Notes & updates: None currently.

What to Expect: A Chronology for Buying a Business

Purchasing a business is different than buying a piece of real estate or a piece of equipment. Researching and purchasing a profitable business can be a genuine challenge. The process can take months. The process can dominate a buyer’s time. The framework—the timeline—for buying a business is not intuitive. The most people have not and never will buy a business in their entire lives.

Criteria for Buying a Business

To begin, the entrepreneur should detail his or her desires into a comprehensive outline that states what the goals are. The goals should drive the search for the right business. The outline should answer questions: the type of service provided or product manufactured, the desired income, the location of the business, et cetera. The prospective buyer should also decide what he or she can afford to spend on a business. How much a buyer can spend will depend on the source of the money. The new owner can finance it personally or seek funding from a bank loan. In the planning stages, the buyer must consider the amount of risk he or she is willing and able to accept. And the buyer should understand the commitment required to run the business—especially at the commencement of operations.

Locating Businesses for Sale

Entrepreneurs often find businesses for sale by checking the ads in newspapers and trade magazines, making use of their networks, and engaging the services of a business broker. If a buyer hires a broker, the broker should review several businesses that fulfill the buyer’s criteria and financial qualifications. A buyer not employing a business broker should to research the companies he or she has identified through company and third-party publications, filings they have made, and discussions with the owners. Business brokers charge a fee that is normally a percentage of the sale price. Buyers sometimes pay a broker’s fee, but it is common for sellers to pay.

Meeting Business Owners and Touring Businesses

Once a short list of prospective businesses has been created, the buyer or the broker should begin scheduling appointments with business owners to visit the facilities and operations. The owners will probably ask that meetings are held outside of business hours to prevent premature disclosure of the potential sale to customers and employees. The buyer and seller should discuss a variety of topics about the business during various stages of negotiation, including the basis for determining the value of the business and the terms of the sale. This information should be considered confidential, even if it is not legally confidential, and should not be disclosed by the buyer to anyone other than perhaps the buyer’s advisors and spouse. Based on the buyer’s expectations, the buyer may wish to be accompanied by an attorney to facilitate the discussion of key matters and to help complete an earnest money agreement and begin the due diligence process.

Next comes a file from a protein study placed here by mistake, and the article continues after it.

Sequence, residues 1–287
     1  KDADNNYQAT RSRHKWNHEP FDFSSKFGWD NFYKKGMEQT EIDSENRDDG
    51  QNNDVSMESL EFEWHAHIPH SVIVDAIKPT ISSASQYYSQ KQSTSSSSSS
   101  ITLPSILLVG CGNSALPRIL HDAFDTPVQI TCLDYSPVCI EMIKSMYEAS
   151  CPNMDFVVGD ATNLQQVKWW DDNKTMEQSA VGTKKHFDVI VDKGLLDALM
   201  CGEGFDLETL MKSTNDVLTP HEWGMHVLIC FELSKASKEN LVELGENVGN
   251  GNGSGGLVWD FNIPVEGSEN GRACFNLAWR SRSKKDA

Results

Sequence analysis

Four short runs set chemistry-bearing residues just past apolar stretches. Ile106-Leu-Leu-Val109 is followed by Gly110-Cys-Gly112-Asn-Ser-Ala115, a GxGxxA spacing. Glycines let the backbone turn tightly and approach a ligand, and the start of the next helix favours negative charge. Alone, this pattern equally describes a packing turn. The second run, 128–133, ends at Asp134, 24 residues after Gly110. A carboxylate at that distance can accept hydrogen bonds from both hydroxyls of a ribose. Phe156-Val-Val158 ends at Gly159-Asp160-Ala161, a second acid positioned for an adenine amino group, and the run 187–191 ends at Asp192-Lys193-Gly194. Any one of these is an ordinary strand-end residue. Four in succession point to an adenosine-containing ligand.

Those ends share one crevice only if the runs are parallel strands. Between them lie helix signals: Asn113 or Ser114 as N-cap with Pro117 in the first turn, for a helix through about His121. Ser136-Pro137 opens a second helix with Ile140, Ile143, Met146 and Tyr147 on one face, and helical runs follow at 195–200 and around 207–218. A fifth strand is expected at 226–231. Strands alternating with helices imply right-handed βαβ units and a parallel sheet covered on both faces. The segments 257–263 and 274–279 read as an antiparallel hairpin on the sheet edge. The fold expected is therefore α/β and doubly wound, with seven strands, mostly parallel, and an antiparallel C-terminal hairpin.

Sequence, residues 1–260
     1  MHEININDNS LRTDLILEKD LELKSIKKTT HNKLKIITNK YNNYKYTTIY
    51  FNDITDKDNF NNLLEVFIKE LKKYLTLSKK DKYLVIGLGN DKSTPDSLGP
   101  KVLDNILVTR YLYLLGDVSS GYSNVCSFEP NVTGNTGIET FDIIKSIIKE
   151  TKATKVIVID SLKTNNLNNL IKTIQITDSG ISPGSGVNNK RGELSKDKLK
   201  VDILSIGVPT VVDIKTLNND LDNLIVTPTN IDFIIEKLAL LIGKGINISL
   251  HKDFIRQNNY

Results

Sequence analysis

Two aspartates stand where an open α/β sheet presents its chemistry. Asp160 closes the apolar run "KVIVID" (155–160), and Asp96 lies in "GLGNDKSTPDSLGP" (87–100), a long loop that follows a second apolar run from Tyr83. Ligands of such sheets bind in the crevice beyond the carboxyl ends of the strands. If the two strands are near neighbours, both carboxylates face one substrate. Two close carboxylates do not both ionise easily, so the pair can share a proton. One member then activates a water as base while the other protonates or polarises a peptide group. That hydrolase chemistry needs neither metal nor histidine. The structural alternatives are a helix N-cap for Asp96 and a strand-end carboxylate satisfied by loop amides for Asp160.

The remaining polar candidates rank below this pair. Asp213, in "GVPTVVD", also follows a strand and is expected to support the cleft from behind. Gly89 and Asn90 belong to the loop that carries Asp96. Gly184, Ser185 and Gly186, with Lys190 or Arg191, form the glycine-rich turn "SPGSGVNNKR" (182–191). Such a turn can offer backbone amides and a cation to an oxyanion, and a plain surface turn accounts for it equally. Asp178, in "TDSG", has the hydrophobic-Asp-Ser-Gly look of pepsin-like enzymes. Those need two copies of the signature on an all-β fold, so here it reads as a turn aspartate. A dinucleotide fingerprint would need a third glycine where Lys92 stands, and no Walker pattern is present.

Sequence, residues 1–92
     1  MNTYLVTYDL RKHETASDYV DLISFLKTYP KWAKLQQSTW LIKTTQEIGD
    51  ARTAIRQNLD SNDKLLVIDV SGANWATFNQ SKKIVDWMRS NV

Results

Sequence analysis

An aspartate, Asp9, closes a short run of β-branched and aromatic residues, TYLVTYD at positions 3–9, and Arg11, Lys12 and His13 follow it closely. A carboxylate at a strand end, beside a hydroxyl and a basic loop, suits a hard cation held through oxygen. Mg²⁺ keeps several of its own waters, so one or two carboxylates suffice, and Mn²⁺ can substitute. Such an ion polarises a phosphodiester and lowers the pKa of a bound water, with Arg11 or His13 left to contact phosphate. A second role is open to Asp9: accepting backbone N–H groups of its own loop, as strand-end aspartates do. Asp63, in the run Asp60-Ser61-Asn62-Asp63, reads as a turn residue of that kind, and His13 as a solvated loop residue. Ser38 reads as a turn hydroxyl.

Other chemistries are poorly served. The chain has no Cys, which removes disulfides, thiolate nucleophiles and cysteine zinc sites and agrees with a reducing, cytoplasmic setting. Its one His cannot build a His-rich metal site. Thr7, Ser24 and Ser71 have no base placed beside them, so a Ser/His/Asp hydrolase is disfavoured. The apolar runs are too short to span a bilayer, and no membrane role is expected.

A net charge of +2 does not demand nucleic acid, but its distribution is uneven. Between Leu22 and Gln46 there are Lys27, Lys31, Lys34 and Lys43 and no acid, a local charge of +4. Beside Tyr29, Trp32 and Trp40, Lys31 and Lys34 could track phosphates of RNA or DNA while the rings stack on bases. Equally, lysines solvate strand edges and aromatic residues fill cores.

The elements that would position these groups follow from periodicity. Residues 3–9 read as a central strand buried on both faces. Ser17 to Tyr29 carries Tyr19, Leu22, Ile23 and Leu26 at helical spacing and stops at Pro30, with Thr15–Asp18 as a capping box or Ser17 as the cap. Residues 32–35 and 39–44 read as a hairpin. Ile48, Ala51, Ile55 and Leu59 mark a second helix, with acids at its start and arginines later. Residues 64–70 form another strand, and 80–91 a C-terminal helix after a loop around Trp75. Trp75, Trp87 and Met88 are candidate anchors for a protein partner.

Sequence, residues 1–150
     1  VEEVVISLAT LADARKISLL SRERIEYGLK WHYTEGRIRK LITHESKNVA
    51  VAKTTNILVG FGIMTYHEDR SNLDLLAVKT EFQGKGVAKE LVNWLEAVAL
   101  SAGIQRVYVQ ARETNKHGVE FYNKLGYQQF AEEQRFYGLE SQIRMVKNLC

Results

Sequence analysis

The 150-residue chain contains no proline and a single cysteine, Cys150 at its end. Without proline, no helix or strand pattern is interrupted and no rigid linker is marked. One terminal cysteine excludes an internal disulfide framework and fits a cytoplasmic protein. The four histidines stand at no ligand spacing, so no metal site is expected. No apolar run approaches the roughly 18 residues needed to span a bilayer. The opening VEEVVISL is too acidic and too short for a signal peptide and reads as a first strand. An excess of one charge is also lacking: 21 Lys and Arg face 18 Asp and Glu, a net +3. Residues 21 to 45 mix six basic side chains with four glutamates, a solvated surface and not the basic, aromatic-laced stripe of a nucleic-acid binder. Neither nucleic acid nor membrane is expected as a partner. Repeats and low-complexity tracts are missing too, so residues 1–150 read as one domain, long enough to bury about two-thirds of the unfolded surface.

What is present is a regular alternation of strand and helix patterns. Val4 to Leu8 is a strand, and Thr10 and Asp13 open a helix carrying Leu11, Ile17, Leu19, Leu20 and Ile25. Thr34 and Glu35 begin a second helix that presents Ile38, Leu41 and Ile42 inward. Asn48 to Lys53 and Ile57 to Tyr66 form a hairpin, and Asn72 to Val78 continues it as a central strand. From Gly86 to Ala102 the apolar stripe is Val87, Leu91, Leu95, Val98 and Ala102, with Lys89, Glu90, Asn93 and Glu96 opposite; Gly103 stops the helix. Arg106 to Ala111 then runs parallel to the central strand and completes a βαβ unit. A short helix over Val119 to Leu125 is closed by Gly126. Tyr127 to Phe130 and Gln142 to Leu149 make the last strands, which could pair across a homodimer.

Due Diligence and Making an Offer

Due diligence is a comprehensive analysis of the business’s past and forecasted performance, current assets and liabilities, personnel, and other details. Due diligence can be time-consuming and expensive. Fees for advisors, copying documents, conducting lien searches, and creating closing documentation can accumulate quickly. Due diligence is not a cost-effective process unless the buyer seriously willing to buy and the seller seriously willing to sell. Performing a due diligence analysis is not in either party’s best interests unless the buyer and seller are definitely ready to deal. Before the due diligence begins, an earnest money agreement must be executed.

The agreement should provide the terms and conditions the buyer and seller mutually agree will drive the transaction. The amount of earnest money depends on the transaction price. The amount should be high enough to evidence the buyer’s intentions and to encourage the seller remove the business from the market for fifteen (15) to thirty (30) days, or more, while due diligence is completed. A typical earnest money amount for small- to mid-sized businesses might be $5,000 to $10,000.

If a business broker has been involved, he or she should direct document requests and meetings between the advisors, landlord, lenders, and any other relevant parties.

Closing and Transfer

When due diligence is concluded and the buyer is comfortable with the state of the business, the buyer should allow an escrow officer to perform lien searches and draft final closing documents, such as a bill of sale, note and security agreement, closing statements, non-competition agreements, leases, and approvals from various parties. When the buyer and seller have approved the closing documents, they should schedule a closing. On the closing date, the buyer will present a cashier’s check for the full amount due.

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